How does the Self impact our day-to-day actions?

I have been reading ‘Be as you are: The Teachings of Sri Ramana Maharshi’ where the Self is defined as “impersonal, all-inclusive awareness”. In Indian tradition the Self is Sat-Chit-Ananda, Being-Consciousness-Bliss. But what does that mean, and what implications does this have?

Being is often referred to as I AM, or the awareness of I AM. This is not from the position of a finite person having an experience of awareness (an ‘I-thought’) but infinite awareness having an experience of a person (I am that I am).

The seat of consciousness, it’s centre, is the Heart. Not physically, symbolically (although Ramana Maharshi does often refer to the right side of the chest as a place to direct attention). This is direct knowing awareness (Jnana) where there is no localised knower, no separate self ‘I’.

When we speak of Bliss, this is not Bliss as we often see it portrayed in the West, following a 1970s drug induced altered state of affairs. Rather, it might be better termed happiness (but again not a happiness derived from any external experience). This is more like a silent peace (this is self-realisation) – Mouna – sometimes referred to as Mouna-Samadhi, or the samadhi of silence (the peace that surpasses all understanding).

This is our true nature, our natural state. No altered state can take us to our natural state. So, how do we know the Self, our true nature?

We simply need to let go of our false identifications, often referred to as our ignorance, ‘I-thoughts’, the ego (which is just a bundle of thoughts). When we realise there is no thinker behind the thought, no doer behind the deed, we reach that place of liberation (Mukti) which is experienced not BY the self ‘I’, but AS the Self, where we be still, be silent, be peace.

The perennial question is, how do we let go of our false identifications? For Ramana Maharshi it is through self-enquiry, similar to Sri Nisargadatta Maharaj (from the Navanath Sampradaya path, which Sanskrit works are important sources of Tantrik ideas, especially Gorakshnath, one of the nine Masters). We see this reflected in the West today through people such as Adyashanti and Rupert Spira, amongst others, who start with the direct question, Who or what am I?

This question is not posed to the mind, but to bypass the mind, to reveal that there is no ‘I’. For Ramana Maharshi individuality is equated with the mind, the mind with the ‘I-thought’. Once we realise there is no ‘I’ there can be no ‘I-thought’, no mind, no individuality, which leads us back to the source, the Heart Centre, the Self.

The further question, or fear possibly (?) for many people, is, how can we live our day-to-day life if there is no ‘I’? Ramana Maharshi is critical of renunciation of our worldly responsibilities, “renunciation is always in the mind, not in going to forests or solitary places or giving up one’s duties.” For him renunciation is of desires and attachments, “a man attached to desires cannot get solitude wherever he may be, whereas a detached man is always in solitude.”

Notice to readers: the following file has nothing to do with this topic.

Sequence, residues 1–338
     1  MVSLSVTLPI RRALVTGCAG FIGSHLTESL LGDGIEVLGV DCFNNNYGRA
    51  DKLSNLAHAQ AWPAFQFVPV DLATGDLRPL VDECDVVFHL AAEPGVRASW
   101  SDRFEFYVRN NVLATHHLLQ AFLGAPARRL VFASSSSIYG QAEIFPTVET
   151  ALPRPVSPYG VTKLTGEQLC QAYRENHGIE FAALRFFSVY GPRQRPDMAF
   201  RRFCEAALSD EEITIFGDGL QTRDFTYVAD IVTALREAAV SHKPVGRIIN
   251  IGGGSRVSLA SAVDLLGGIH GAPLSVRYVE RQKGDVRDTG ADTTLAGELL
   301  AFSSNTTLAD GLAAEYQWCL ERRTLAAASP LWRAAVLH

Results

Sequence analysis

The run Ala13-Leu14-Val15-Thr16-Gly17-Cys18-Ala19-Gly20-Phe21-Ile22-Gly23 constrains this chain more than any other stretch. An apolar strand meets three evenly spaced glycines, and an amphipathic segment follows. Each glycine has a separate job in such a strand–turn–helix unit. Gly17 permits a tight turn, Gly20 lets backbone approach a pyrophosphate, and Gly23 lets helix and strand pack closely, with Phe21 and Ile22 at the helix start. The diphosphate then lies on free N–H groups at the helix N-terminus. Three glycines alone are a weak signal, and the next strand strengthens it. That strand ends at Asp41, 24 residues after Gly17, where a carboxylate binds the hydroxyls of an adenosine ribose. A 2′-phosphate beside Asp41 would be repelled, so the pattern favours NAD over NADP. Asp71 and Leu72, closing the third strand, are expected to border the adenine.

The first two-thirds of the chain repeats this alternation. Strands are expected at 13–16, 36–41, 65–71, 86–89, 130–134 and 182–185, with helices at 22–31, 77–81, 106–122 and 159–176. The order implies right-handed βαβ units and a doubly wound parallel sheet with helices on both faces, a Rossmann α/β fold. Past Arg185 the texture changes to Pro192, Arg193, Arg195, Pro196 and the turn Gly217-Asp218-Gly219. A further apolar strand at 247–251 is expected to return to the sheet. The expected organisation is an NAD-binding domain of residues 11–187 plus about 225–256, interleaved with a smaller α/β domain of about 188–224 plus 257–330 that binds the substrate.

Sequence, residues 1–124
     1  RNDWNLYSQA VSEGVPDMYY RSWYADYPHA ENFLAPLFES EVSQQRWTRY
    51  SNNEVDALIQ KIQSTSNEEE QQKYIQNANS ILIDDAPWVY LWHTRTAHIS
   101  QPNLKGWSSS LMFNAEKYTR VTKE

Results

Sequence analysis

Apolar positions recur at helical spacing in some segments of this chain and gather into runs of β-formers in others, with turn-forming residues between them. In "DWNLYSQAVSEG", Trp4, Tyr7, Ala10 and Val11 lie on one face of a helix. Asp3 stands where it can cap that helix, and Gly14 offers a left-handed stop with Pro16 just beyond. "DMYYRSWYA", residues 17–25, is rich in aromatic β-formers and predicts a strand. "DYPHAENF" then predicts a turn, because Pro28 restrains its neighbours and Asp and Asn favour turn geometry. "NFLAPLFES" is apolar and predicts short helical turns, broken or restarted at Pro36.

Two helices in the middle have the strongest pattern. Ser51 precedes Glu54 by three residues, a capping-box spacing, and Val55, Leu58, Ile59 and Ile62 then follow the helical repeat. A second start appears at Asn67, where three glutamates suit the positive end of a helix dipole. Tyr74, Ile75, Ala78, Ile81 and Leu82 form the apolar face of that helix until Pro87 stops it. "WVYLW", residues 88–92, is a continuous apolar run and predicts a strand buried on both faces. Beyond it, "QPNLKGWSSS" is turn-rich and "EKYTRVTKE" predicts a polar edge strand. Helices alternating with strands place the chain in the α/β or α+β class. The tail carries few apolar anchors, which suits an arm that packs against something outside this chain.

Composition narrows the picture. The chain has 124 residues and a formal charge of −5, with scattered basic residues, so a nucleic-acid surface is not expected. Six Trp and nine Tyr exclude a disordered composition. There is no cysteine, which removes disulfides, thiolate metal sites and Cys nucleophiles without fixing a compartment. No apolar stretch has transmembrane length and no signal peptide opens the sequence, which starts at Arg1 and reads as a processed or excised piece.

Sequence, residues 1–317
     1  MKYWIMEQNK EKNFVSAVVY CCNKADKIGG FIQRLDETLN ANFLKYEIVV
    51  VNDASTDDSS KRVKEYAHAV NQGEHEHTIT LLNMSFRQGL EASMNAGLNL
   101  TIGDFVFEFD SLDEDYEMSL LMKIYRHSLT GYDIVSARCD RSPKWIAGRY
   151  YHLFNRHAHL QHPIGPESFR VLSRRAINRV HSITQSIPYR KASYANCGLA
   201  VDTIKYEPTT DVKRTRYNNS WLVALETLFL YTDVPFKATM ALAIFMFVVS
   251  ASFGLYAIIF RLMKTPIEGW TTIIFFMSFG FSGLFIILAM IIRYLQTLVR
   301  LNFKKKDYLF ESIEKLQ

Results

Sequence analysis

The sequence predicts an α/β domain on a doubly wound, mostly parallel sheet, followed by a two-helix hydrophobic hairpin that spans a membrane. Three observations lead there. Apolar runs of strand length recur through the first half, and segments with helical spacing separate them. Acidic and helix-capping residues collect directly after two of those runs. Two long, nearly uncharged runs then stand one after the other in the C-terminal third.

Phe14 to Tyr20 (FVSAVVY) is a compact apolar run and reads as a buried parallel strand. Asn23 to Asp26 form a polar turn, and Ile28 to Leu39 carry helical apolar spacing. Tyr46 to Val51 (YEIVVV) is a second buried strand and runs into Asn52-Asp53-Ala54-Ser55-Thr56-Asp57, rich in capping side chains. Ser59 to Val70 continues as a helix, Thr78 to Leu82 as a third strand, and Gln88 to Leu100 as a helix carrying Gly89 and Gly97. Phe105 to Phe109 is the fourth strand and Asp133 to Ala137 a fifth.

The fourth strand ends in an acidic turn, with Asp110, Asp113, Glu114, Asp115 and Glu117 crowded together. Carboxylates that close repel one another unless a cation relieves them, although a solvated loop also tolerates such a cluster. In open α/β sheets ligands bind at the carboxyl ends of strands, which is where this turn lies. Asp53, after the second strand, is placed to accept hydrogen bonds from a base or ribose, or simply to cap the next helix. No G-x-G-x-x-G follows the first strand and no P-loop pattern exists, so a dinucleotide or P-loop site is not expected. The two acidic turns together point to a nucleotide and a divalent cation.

This has implications for us as sexual beings, where brahmacharya, often considered to mean celibacy, is actually “one who dwells in Brahman”, so when we dwell in Brahman desires disappear. Nevertheless, we would still perform our duties (meaning, for Ramana Maharshi, within marriage), although he does say “Even if you have (sex), it does not matter so long as you do not think afterwards that you have done so (sinned). The Self is not aware of any sin and renunciation of sex is internal, not merely of the body alone.”

As we come back to our source, the Heart Centre, any ‘I-thoughts’ of sex would be replaced by an impersonal, all-inclusive sense of love, where we dwell in Brahman, abide in the Self. For men-who-love-men our actions would, then, likewise come from our true nature rather than desire.

This reflects what I wrote in Sex and Embodied Spirituality, where the point is not so much whether we have sex or not, but how much we see the localised sensing instruments (ie, the person/s) as subject-object or as Being-Consciousness. So, are our actions coming from ‘I-thought’ (desire) or from Self (impersonal, all-inclusive awareness)?

Bringing it all together

The Self is impersonal, all-inclusive awareness. When we come to this realisation the Self subsumes the ‘I-thought’, ego, and we reach Mouna-Samadhi, silence, peace. Our day-to-day life is lives as before, only now from that impersonal, all-inclusive place of awareness where wisdom lies. Our actions then would naturally be in line with Brahman, coming from the Self, our true nature (often referred to as spontaneous).

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See my personal development / personality profiling book DISCover the Power of You published through John Hunt Publishing Ltd, 2017. ISBN: 978-1-78535-591-2

And for a bit of light reading, see my first historical fictional novel Fermented Spirits published through Austin Macauley Publishers, 2022. ISBN-13: ‎978-1398437159